BOSTON — The federal court of appeals has upheld a bankruptcy court decision that a Byfield woman cannot file bankruptcy to avoid financial responsibility for the repayment of a debt she incurred fraudulently.
According to a Dec. 16 decision written by Chief Judge Sandra Lynch of the U.S. Court of Appeals for the First Circuit, Andrea Levasseur, currently of Byfield and formerly of Rowley, cannot expunge her debt of more than $124,000 on checks she wrote from a home equity loan on a home she no longer owned.
According to the court decision, Levasseur, at the time known as Andrea Sullivan, took out a line of credit secured by the equity on the home she owned on Wethersfield Street property in Rowley. On Nov. 14, 2003, however, Levasseur sold the Rowley home, paid off her first mortgage and the Fleet Bank Home Equity Account.
By selling the property, there was no property upon which the home equity line of credit could be secured, Lynch wrote, something Levasseur would know, for “she had worked for a real estate agent and had participated in closings before.”
In June 2003, the court stated that Levasseur purchased a home in Byfield and notified Fleet Bank of her new address, but not that she had sold the Rowley property. In mid-2005, Fleet merged with Bank of America and took over Levasseur’s checking and home equity line of credit. The bank periodically sent her statements for both accounts at her new address, because the credit line had never been formally closed following the sale of the property. One statement showed that the available line of credit amounted to $124,000, according to the court decision.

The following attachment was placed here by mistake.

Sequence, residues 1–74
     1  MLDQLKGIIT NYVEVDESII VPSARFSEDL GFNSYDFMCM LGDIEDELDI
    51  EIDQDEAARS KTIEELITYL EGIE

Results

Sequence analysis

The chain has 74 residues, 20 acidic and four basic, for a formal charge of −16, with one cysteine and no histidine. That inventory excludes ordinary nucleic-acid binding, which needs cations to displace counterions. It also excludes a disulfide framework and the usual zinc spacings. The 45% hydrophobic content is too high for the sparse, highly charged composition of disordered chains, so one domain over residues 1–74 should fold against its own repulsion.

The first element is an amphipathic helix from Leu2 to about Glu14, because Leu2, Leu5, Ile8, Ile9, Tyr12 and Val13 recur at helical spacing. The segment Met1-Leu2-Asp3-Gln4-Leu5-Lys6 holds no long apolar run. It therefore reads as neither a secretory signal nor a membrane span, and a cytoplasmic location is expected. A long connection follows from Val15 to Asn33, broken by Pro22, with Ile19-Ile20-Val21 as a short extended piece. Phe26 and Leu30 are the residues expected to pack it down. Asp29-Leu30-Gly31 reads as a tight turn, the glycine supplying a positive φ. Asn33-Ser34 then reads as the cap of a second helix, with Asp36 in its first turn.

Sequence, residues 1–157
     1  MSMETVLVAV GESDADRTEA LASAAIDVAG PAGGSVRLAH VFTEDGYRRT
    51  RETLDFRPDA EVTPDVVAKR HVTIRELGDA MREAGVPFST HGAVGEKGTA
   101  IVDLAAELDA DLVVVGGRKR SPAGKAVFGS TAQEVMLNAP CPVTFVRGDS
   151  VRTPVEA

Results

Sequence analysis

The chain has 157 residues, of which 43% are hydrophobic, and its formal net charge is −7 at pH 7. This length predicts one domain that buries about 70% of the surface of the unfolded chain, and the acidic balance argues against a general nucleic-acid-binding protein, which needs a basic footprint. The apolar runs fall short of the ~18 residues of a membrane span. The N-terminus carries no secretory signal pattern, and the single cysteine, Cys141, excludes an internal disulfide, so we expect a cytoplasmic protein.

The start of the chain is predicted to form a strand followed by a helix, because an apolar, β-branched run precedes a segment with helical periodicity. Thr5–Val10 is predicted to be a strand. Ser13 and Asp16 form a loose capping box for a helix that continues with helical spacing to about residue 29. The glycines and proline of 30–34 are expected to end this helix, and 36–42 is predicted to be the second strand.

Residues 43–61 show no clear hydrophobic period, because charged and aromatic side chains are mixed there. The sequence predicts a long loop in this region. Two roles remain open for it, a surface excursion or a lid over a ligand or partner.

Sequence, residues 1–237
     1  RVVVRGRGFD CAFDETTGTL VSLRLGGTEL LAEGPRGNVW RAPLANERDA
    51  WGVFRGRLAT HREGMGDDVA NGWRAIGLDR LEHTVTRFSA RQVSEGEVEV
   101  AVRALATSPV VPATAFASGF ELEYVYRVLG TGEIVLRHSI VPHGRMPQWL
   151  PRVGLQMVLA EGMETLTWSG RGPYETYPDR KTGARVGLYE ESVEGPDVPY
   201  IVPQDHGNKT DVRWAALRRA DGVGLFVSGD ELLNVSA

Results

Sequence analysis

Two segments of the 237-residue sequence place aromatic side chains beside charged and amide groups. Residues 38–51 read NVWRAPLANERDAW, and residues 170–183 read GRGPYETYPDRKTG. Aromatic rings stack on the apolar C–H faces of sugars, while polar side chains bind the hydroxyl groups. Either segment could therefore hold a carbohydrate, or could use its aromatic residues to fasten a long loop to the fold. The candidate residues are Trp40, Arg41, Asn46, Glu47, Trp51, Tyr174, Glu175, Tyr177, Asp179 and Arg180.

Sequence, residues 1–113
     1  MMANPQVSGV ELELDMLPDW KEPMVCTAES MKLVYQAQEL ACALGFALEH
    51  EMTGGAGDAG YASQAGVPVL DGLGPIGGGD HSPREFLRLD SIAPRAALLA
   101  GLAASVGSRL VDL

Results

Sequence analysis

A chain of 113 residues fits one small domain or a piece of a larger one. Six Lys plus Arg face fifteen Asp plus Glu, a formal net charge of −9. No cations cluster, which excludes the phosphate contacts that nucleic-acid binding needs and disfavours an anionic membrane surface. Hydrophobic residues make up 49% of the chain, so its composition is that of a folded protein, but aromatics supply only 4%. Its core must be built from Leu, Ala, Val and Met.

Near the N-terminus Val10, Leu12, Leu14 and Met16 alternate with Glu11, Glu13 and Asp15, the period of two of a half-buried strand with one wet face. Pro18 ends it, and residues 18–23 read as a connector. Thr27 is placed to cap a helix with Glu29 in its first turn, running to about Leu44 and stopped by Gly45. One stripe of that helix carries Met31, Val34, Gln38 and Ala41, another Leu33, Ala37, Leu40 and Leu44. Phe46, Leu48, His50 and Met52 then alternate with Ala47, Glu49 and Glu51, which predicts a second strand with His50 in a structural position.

By June 2005, Lynch wrote, Levasseur’s husband’s business was not doing well and the family was having trouble paying its bills. That’s when Levasseur dipped into the line of credit on the home she no longer owned. She drew exactly $124,000 in checks from the Newburyport branch of the Bank of America home equity account, depositing the money in her Georgetown Savings account.
”The bankruptcy court also found that the Newburyport Bank of America tellers, based on available records, could not have determined that the Home Equity Account should have been closed when the Rowley property was sold and that Levasseur’s check requests should accordingly be denied,” Lynch wrote. “The bankruptcy court found that Levasseur’s testimony that she thought at the time that she was drawing on a different loan than the Home Equity Account was ‘thoroughly implausible.’”
When Levasseur failed to repay the money, Bank of America began foreclosure proceedings against the new owners of Levasseur’s former property. The new owners were insured by Old Republic National Insurance Company, which paid off the debt, then brought suit against Levasseur.
Failing to defend herself in the suit, a default judgement was entered against her in May 2007, but Levasseur never satisfied the initial judgment, Lynch wrote, and in September 2007, the court issued an alias execution in the amount of $159,845, plus post judgment interest of 12 percent per year.
Shortly after that ruling, in December 2007, Levasseur filed for bankruptcy, which could have washed away all her debts, including the one with Old Republic. But, in August 2008, Old Republic sought a determination to exempt from bankruptcy protection the $124,000 debt incurred by Levasseur due to “fraud, false pretenses or misrepresentation ... and willful and malicious injury.”
The bankruptcy court agreed with Old Republic and the court of appeals upheld its ruling. According to the Bankruptcy Code, debts incurred fraudulently and by willful and malicious injury by the debtor are exempt from protection by filing bankruptcy.
”The record plainly supports the bankruptcy court’s conclusion that Levasseur was fully aware that the Home Equity Account should no longer have been available for her to use after the sale of the Rowley property,” Lynch wrote. “When she twice visited the Newburyport branch to obtain certified checks from an account that she knew should not have been available, Levasseur acted under false pretense and with an intend to defraud. ... ‘(She) did not alert the bank to what she knew to be an error because she planned to use the error to her advantage.’”